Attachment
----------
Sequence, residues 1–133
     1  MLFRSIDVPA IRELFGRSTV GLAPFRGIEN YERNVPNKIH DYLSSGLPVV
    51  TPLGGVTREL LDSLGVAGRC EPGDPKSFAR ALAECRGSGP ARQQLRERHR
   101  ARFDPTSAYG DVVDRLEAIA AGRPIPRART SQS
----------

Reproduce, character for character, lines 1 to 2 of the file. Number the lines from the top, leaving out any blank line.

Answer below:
Sequence, residues 1–133
     1  MLFRSIDVPA IRELFGRSTV GLAPFRGIEN YERNVPNKIH DYLSSGLPVV